The Daylight Gate by Jeanette Winterson
GOOD FRIDAY, 1612. Pendle Hill, Lancashire.
A mysterious gathering of thirteen people is interrupted by local magistrate, Roger Nowell.
Is this a witches’ Sabbat?
Two notorious Lancashire witches are already in Lancaster Castle waiting trial. Why is the beautiful and wealthy Alice Nutter defending them? And why is she among the group of thirteen on Pendle Hill?
Elsewhere, a starved, abused child lurks. And a Jesuit priest and former Gunpowder plotter, recently returned from France, is widely rumoured to be heading for Lancashire. But who will offer him sanctuary? And how quickly can he be caught?
This is the reign of James I, a Protestant King with an obsession: to rid his realm of twin evils, witchcraft and Catholicism, at any price …Can a man be maimed by witchcraft?
I almost feel a little ashamed to say that this is the first Jeanette Winterson book I’ve ever read, even though I do own a copy of Oranges Are Not the Only Fruit, but I think that’s because this is the first one that’s really appealed to my tastes. Having said that, I also feel as though I haven’t quite started with the best of her work…
From the very first few pages of The Daylight Gate, I was absolutely hooked and managed to read it in a couple of days which seems almost unheard of for me at the moment. I knew pretty much nothing about the Pendle witch trials and it has only increased my desire to discover more. The pace of the novel and the sentence structure itself is short and snappy; perfect for a quick winter read. However, like I said I do feel like this novel probably doesn’t showcase Winterson at her best. As much as I was gripped by the story and was compelled to keep reading, I do think a little more description wouldn’t have gone a miss. I never truly got a sense of Pendle Hill, and felt that the prose could have been much more evocative of the time in which it was set. The story is very horrific at times and truly grisly, but I can’t say I felt particularly haunted or scared, and this was ultimately what I thought I was going to get. But I think what ultimately chills you to the bone, is the fact that these women really were put to death for being considered witches.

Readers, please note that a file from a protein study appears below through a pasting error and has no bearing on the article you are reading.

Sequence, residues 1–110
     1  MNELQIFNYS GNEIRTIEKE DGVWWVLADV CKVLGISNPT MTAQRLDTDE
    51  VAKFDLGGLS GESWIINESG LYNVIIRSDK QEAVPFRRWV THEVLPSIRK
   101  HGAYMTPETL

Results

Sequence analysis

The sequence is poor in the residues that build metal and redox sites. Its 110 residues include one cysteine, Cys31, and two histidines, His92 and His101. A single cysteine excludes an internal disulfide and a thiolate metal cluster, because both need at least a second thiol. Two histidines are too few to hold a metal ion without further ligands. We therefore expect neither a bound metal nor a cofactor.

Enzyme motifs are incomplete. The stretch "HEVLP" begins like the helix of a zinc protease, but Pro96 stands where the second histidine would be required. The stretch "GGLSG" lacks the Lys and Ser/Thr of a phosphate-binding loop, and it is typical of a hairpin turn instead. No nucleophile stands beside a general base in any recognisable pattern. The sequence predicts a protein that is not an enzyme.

It has to be said, there were also some rather silly incidents in the plot; I’m not sure Shakespeare was really necessary as a character, and I found it a little unbelievable. But in a way, I do admire Winterson for having some fun here with this new novel, and I certainly had fun reading it, which at the end of the day is what everyone wants out of a good book.
Like I said, it’s not the best book I’ve ever read, and I’m sure it’s not the best book Jeanette Winterson has ever written, but it is good fun and a great read for those cold winter nights ahead. I only wish it could have been longer, and last maybe another night or two! I know Winterson is a well-respected and well-love writer; plenty of my colleagues are full of adoration for her, but I’m not convinced yet that her other work is for me. The Daylight Gate appealed to me because of its dark and supernatural nature, and I know her other works will be incredibly different. But if you have read something else of hers that you think I shouldn’t dismiss, please do post a comment below!
The Daylight Gate is out now, published by Hammer. Thank you to the lovely Melanie for lending me her copy!